Despite this grim reality, a recent poll found that the majority of Taiwanese people think its military cannot defend against a Chinese invasion, with less than half of respondents confident that the US would send troops to help defend Taiwan.

A 2018 report by the US Department of Defense argued that China now possessed “the world’s largest and most capable maritime militia.” The Chinese People’s Liberation Army Navy (PLAN) has over 300 surface combatants, submarines, amphibious ships, patrol craft and specialized types, making it the largest navy force in the Indo-Pacific region (comparatively, the US has some 282 deployable battle force ships).

Regardless, Taiwan and the US are reportedly pushing ahead with their plans to repel any alleged Chinese invasion, with military drills set for the end of November between the two already in the works. Funnily enough, the drills will most likely take place in the area around Taiping Island. Taiwan’s military is also hoping to purchase MQ-8 Fire Scout uncrewed helicopters and MK-62 Quickstrike mines from the US. Taiwan may also seek to lay these mines in its waters close to Taipei as well as other key ports and bases, a plan which eerily echoes that of Greer’s report in Foreign Policy above.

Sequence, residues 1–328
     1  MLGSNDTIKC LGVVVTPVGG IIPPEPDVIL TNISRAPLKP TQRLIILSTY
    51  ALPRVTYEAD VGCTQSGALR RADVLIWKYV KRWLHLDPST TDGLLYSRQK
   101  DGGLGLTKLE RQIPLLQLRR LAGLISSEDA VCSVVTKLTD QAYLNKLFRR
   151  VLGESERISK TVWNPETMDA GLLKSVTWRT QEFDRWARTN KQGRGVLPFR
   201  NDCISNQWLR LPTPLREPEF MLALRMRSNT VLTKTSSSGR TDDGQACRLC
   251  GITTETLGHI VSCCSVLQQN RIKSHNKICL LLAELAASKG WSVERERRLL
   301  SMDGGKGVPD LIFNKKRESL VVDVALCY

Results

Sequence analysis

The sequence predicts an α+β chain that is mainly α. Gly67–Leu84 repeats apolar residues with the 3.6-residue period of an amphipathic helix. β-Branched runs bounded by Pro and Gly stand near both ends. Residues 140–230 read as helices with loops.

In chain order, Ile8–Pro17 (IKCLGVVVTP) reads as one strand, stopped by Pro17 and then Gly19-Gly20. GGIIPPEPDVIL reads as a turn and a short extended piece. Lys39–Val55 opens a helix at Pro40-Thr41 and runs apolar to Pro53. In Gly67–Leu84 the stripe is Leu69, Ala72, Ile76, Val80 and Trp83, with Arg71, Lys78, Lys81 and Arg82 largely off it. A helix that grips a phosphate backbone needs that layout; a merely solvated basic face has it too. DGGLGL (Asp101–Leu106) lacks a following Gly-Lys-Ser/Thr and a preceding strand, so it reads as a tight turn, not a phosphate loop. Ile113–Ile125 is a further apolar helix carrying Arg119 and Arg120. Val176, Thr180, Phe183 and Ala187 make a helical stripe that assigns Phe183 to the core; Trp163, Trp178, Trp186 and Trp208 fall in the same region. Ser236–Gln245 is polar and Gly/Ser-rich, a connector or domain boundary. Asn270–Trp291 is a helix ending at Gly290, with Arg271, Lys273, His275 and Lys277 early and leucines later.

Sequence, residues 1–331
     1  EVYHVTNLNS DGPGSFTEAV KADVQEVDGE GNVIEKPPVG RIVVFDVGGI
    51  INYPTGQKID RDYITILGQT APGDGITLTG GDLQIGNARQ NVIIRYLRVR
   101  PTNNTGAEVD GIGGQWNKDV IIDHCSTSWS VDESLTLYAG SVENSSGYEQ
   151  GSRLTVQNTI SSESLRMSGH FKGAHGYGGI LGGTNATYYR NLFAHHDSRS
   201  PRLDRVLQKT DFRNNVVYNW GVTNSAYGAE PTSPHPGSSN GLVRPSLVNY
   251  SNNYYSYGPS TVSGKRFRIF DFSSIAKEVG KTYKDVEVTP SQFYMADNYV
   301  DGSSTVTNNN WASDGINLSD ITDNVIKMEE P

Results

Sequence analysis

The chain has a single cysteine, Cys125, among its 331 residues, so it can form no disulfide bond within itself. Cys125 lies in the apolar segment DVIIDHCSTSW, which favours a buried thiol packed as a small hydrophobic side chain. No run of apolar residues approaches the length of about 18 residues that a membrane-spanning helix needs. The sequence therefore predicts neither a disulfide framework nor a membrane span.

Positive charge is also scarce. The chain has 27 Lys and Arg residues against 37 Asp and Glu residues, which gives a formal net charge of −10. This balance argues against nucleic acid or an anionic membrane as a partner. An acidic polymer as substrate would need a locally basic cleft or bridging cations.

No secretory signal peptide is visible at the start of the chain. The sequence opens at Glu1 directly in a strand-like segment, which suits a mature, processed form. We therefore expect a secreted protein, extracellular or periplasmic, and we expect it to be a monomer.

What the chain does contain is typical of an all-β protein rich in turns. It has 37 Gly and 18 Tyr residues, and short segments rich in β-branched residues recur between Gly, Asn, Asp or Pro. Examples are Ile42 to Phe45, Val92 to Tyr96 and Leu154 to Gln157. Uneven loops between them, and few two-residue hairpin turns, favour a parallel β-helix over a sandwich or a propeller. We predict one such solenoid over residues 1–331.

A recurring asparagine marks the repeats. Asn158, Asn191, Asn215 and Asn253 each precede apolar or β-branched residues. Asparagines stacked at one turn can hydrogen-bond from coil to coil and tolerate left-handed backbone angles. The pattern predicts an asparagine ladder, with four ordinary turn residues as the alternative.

People don’t need to be well-versed in international politics to see and feel the warning signs. A recent Military Times poll of active-duty troops showed that 46 percent of US troops believe the US will be drawn into a major war soon, with a focus on Russia and China in particular. Only 5 percent said the same thing in a similar poll conducted approximately a year ago.

In September, the Pentagon released a 146-page document entitled “Assessing and Strengthening the Manufacturing and Defense Industrial Base and Supply Chain Resiliency of the United States” which appeared to show that the US is preparing for a large, long-term war effort against Russia and China.

All the signs are there, and some countries are taking the issue more seriously than others. At the end of last month, Australia walked away from plans for a free trade agreement with Taiwan after China warned of repercussions between Canberra and Beijing. The fact that Australia was prepared to walk away should be quite telling of how important the Taiwan question is to China, with very few countries willing to challenge China on this position.

One can only hope that cooler heads will prevail but for those of us who understand what’s at stake, eventually, someone will have to back down in order for there to be any chance of averting a third world war scenario. When one of those countries is the United States, the likelihood of that nation backing down and pursuing a peaceful path of diplomacy instead grows thinner and thinner.

As American socialist Eugene V. Debs once said: “sooner or later every war of trade becomes a war of blood.”

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If Taiwan is not part of China, it might be interesting to glance at a map and wonder why Alaska and Hawaii should be part of the USA. Or, indeed, why the “Falkland Islands” (Islas Malvinas) should be owned by the UK, when they are 8,000 miles away from it – that is a full one third of the Earth’s circumference.